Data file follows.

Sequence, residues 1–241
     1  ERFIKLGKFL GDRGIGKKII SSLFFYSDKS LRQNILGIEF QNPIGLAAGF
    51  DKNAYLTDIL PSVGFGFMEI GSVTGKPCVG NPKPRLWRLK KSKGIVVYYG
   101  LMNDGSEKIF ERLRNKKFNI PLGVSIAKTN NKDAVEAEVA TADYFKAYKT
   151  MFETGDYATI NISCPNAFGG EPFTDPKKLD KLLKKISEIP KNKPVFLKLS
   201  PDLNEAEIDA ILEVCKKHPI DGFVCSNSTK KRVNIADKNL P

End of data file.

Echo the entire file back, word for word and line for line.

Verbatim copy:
Sequence, residues 1–241
     1  ERFIKLGKFL GDRGIGKKII SSLFFYSDKS LRQNILGIEF QNPIGLAAGF
    51  DKNAYLTDIL PSVGFGFMEI GSVTGKPCVG NPKPRLWRLK KSKGIVVYYG
   101  LMNDGSEKIF ERLRNKKFNI PLGVSIAKTN NKDAVEAEVA TADYFKAYKT
   151  MFETGDYATI NISCPNAFGG EPFTDPKKLD KLLKKISEIP KNKPVFLKLS
   201  PDLNEAEIDA ILEVCKKHPI DGFVCSNSTK KRVNIADKNL P